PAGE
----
Government leaders tout tech policies

By Margaret Johnston, IDG News Service |  Business

FAIRFAX, VIRGINIA -- In Dublin, the "Celtic Tiger" economic success story has been based in part on "less is more," while the U.S. technology industry has matured to the point that it now needs high-level representation in Washington.

These messages, delivered by Irish and U.S. government leaders Wednesday, rounded out the final full day of the 2001 Global Internet Summit here. The gathering, co-hosted by the state of Virginia and Cisco Systems Inc., and sponsored by a number of technology companies, drew representatives of an estimated 40 countries and 700 attendees.

Mary Harney, Ireland's minister for enterprise, trade and employment, said Ireland has reversed its fortunes over the past decade largely thanks to technology and government policies that are favorable to IT companies. Among them are lower tax rates on business profits and lower income taxes. Businesses will pay only 10 percent tax on profits through 2010, Harney said, while income tax is down to 20 percent for average earners.

The 10 percent tax on business profit is about one-third the average charged by other European governments, yet it delivers about 12 percent of all government revenue in Ireland compared with 5 percent in other European Union countries.

"So a third of the rate delivers about two-and-a-half-times the take," she said. "We have in Ireland, I think, learned of the incentive power of low taxation."

The Irish government also believes in the principle of allowing people to take home more of what they earn, she said. Low tax has generated unprecedented revenue for the country, in contrast to the huge budget deficits and having to borrow, tax and spend as it sought to do in the 1970s, Harney said.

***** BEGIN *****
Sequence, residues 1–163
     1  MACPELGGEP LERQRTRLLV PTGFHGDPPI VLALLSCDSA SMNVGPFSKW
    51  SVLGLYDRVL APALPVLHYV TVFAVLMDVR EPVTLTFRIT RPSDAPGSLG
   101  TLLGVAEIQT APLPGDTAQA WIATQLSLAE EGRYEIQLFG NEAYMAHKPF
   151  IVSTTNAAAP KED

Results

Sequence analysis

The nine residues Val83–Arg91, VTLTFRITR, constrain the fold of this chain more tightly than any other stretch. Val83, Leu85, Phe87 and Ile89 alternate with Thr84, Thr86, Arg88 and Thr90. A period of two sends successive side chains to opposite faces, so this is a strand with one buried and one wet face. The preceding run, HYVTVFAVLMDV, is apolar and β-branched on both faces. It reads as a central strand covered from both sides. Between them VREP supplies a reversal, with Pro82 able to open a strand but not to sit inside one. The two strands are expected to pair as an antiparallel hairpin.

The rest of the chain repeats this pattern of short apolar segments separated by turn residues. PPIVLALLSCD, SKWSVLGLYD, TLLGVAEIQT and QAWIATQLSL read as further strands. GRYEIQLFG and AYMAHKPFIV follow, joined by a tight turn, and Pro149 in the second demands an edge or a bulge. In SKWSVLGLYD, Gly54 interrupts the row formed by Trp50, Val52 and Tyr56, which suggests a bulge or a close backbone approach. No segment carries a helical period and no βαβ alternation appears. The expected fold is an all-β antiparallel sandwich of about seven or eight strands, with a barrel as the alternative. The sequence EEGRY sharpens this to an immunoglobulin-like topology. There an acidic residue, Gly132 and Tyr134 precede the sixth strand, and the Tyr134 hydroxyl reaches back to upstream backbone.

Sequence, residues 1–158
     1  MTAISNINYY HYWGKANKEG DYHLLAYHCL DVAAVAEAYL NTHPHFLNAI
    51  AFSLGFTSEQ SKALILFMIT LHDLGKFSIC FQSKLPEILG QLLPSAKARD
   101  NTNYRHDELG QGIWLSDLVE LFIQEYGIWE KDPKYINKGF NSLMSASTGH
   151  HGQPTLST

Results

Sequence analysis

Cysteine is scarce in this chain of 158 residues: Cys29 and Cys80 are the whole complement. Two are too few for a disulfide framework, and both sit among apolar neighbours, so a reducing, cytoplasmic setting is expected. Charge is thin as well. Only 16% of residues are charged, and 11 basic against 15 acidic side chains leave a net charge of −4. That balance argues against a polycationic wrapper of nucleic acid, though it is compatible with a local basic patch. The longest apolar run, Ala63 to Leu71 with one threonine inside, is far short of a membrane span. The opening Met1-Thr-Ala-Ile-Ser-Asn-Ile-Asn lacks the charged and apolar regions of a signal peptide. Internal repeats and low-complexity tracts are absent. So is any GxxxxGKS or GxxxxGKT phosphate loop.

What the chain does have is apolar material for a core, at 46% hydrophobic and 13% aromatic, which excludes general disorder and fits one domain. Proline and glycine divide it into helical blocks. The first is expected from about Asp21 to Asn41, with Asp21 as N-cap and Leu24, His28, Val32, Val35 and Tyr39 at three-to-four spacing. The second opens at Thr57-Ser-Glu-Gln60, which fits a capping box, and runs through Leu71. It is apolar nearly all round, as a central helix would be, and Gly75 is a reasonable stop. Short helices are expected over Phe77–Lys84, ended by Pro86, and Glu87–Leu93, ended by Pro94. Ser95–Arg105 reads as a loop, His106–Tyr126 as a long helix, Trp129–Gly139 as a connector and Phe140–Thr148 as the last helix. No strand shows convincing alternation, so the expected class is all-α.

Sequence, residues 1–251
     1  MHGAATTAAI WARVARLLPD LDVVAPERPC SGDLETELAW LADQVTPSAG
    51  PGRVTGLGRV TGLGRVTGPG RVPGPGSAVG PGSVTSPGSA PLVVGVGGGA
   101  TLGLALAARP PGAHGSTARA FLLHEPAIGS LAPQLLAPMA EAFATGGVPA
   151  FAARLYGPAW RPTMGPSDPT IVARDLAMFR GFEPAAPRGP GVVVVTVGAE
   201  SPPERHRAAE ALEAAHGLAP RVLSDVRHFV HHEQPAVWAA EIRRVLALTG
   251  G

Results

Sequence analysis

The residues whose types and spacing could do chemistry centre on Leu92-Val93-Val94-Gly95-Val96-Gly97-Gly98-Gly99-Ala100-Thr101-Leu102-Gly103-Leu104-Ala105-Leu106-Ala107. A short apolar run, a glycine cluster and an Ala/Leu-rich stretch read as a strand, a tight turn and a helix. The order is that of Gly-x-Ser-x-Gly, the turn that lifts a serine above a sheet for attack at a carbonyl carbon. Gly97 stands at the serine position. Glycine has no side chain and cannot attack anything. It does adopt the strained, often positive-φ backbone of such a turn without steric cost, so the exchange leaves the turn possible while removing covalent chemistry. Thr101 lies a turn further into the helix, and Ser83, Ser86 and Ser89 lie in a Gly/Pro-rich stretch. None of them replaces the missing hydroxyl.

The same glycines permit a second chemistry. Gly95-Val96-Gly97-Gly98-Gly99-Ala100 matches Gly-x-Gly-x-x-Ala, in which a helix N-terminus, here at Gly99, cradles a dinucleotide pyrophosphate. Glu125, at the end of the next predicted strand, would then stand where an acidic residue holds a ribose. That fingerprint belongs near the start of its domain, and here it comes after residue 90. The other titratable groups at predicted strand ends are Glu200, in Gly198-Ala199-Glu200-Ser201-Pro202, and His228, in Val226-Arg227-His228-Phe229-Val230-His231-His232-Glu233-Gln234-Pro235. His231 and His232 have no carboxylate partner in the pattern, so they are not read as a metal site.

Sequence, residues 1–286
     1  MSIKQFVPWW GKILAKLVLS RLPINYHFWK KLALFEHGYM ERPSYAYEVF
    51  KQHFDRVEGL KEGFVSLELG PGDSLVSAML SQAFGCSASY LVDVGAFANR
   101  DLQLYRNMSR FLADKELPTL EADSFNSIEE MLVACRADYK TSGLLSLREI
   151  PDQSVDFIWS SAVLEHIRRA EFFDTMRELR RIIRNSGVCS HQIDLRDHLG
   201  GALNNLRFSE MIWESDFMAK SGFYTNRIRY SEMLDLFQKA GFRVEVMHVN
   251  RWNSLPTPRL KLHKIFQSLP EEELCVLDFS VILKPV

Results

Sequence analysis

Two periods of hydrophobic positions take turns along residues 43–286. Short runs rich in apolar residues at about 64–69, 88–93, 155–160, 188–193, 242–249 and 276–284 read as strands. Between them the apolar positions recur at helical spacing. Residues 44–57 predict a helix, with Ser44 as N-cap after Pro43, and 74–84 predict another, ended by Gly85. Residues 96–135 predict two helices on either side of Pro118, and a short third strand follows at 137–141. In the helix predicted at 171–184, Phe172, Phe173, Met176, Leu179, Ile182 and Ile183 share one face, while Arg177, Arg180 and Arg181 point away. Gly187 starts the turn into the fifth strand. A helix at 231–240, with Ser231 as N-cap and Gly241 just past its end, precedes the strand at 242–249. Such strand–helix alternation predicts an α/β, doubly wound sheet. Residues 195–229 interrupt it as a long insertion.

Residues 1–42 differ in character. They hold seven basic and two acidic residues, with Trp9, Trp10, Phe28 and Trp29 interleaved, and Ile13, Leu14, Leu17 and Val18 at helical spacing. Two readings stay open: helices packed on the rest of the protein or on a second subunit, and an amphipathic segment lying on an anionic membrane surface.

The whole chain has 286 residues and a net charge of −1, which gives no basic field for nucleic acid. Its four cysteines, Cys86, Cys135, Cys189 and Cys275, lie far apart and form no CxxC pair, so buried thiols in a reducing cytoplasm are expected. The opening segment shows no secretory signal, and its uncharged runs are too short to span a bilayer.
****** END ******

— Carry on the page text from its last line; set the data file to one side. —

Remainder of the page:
The country has enjoyed nine years of sustained economic growth, including 8 percent annual growth over the last four years. Its unemployment rate has dropped from a high of 17 percent to 3.9 percent, and instead of losing 40,000 people to emigration annually as has happened in the recent past, an estimated 45,000 people move to Ireland annually, half of them returning Irish.

A technology-fueled economy is part of the reason, as well as close cultural and linguistic ties to the U.S. Ireland has become the world's largest exporter of software, according to Harney and attracts about 25 percent of all U.S. investment in Europe, even though its population is less than 1 percent of the total European population.

But Harney maintained that Ireland had to work to get where it is. The country plotted a course that included a 40 percent increase in investment in education over the past three years, a light regulatory approach and investment in infrastructure.

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